More and more I find bathing to be less necessary
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Bragging about not bathing your kids is a blatant act of white privilege
During the last couple of weeks, celebrities such as Kristen Bell and Ashton Kutcher have bragged about how they don’t feel the need to bathe themselves or their children unless they’re visibly dirty or stinky. Jake Gyllenhaal also piped up by saying: “More and more I find bathing to be less necessary, at times … I do also think that there’s a whole world of not bathing that is also really helpful for skin maintenance, and we naturally clean ourselves.”
Don’t get me wrong; they all have a point. Most health experts will tell you that you don’t actually have to shower everyday because, put simply, over cleansing — especially with soap — can dry out your skin and disrupt your body’s good bacteria and natural oils from doing their thing. So there’s really no problem with their choice to bathe less frequently. The problem lies in how vocal these rich white individuals have decided to be about this “cool thing” they’re doing.
Even if some of us wanted to partake in the no-bathing “movement,” we still live in a world where only white people can get away with this rather lax approach to personal hygiene. Some woke white people recognize this; in fact, journalist and physician James Hamblin, who wrote a whole book on the science of how we over-cleanse, mentions in it, that he’d have a different battle to fight if he were not a white man who suddenly decided to walk around unbathed.
To that end, this unsolicited hygiene advice is pretty enraging because we, as people of color, do not have the option of being even a little fragrant without suffering the racist repercussions.
Racism in the West, in large part, has always been rooted in the fear of disease and contamination from outsiders. For many immigrants and Black Americans, “being clean” goes much deeper than not having body odor — it’s tied to notions of respectability, assimilation, and acceptance. All things that white people automatically get, even if they’ve just literally rolled around on a subway platform (I, as a side note, own separate pairs of “subway pants” and “house pants”).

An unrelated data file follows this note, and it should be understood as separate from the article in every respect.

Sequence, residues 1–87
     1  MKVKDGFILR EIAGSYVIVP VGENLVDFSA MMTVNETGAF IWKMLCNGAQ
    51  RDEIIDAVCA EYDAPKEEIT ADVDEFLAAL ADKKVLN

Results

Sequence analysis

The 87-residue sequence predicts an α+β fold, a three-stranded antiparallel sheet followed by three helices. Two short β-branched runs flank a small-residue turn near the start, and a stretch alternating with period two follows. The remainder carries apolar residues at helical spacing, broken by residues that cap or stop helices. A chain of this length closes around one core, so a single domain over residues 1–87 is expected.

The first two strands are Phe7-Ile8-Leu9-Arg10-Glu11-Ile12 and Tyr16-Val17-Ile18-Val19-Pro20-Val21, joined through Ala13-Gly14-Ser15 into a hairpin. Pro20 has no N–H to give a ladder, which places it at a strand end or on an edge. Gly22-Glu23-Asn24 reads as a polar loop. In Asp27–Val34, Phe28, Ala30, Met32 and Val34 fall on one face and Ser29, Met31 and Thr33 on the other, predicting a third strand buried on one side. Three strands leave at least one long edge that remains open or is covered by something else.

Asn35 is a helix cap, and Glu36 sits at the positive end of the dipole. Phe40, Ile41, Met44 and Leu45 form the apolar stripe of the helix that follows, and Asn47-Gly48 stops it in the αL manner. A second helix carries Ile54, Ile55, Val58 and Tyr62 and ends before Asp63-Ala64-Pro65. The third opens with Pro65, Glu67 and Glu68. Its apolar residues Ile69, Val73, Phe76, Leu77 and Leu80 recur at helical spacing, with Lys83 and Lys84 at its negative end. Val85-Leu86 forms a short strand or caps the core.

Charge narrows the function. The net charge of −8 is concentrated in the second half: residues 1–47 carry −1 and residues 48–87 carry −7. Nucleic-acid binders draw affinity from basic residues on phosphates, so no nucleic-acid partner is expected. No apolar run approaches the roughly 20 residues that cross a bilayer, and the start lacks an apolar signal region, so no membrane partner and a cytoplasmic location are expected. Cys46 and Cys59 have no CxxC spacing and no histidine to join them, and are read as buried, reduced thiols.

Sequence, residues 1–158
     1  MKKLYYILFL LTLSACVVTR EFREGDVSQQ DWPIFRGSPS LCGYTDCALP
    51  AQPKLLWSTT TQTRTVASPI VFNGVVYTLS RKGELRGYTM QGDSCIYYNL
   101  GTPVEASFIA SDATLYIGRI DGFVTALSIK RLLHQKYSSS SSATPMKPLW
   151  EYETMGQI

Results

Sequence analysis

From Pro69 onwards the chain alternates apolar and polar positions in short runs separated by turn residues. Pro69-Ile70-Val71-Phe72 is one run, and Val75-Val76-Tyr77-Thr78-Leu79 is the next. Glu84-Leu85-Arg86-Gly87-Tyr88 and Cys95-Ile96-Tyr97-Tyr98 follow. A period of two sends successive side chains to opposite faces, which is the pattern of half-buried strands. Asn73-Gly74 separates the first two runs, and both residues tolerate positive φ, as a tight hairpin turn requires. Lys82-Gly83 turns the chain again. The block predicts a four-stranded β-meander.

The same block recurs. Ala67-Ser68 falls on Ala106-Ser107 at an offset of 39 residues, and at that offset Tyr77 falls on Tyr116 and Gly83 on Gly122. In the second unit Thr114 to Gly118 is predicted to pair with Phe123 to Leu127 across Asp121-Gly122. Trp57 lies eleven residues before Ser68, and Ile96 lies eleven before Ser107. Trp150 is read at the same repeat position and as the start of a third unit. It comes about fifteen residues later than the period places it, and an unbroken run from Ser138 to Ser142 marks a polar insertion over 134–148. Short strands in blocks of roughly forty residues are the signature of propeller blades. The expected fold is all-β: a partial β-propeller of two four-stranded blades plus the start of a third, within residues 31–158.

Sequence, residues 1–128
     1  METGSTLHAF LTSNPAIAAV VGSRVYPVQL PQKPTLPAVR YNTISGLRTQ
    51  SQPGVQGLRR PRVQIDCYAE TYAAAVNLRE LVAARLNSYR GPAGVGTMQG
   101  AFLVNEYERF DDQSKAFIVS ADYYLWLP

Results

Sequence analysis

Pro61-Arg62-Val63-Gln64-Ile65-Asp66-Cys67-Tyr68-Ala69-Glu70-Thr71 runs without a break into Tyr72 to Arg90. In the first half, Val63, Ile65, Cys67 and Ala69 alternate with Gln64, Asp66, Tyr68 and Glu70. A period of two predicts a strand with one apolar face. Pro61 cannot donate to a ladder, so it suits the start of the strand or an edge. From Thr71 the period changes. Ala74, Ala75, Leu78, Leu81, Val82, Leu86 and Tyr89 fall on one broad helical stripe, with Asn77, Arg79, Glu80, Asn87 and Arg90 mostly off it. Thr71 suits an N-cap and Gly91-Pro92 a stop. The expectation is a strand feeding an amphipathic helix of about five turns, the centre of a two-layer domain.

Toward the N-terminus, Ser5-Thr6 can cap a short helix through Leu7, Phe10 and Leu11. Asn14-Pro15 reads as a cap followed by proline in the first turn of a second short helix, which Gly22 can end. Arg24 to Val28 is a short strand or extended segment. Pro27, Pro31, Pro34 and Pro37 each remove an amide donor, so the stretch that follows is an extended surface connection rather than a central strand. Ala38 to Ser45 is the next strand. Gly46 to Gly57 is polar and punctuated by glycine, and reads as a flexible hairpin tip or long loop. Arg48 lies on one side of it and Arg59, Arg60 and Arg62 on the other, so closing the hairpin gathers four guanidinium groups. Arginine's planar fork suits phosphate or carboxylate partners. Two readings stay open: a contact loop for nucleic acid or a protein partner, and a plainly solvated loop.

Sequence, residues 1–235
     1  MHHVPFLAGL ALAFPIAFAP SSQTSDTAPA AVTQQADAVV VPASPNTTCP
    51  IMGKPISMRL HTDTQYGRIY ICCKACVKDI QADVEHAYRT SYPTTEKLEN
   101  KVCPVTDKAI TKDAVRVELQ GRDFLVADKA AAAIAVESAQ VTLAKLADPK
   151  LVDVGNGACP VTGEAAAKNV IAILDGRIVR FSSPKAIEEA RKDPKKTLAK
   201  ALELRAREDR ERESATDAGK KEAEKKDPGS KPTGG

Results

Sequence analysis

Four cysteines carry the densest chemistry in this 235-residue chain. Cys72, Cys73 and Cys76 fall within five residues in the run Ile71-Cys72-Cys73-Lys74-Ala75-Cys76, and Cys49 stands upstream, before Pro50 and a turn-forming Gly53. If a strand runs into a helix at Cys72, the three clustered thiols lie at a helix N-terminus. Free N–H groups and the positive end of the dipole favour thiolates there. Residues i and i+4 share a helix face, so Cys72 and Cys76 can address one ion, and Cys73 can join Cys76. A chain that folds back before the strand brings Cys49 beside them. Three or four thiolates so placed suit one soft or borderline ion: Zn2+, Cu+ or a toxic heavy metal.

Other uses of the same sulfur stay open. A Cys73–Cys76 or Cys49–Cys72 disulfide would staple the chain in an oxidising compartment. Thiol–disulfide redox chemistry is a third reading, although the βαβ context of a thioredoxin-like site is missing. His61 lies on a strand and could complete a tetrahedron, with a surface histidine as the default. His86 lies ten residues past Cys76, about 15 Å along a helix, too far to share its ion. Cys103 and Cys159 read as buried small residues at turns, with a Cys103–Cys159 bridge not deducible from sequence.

To understand why people of color have historically been considered “dirty,” let's examine the the pervasive link between whiteness and cleanliness, shall we?
In Christianity, the color white is associated with notions of moral purity. To demonstrate both their spiritual and physical cleanliness, upper class Europeans began to wear white undergarments. Eventually, the association between whiteness and wealth, civility, and good health stuck and was exported to other parts of the world, as Dana Berthold explains in her manifesto on the topic. All of this is just scratching the surface of a deep-seated rejection of "foreigners."
And you can’t have the concept of cleanliness without its counterpart: filth. The obsession with getting rid of “impurities” was in full swing when Europeans colonized the rest of the world. Notions of “clean” and “dirty” eventually encompassed genetic and cultural uncleanliness as well, and colonized people were often described as dirty or diseased.
The default association between cleanliness and whiteness runs so deep that anything that deviated from the patriarchal and heteronormative values of Europe was automatically shunned and considered repulsive. All the way back in the in the 17th century, for example, Portuguese missionary Galeote Pereira traveled to China and lamented that Chinese people were having unsavory, same-sex relations and needed to be evangelized, according to a piece in the Journal of Historical Sociolinguistics.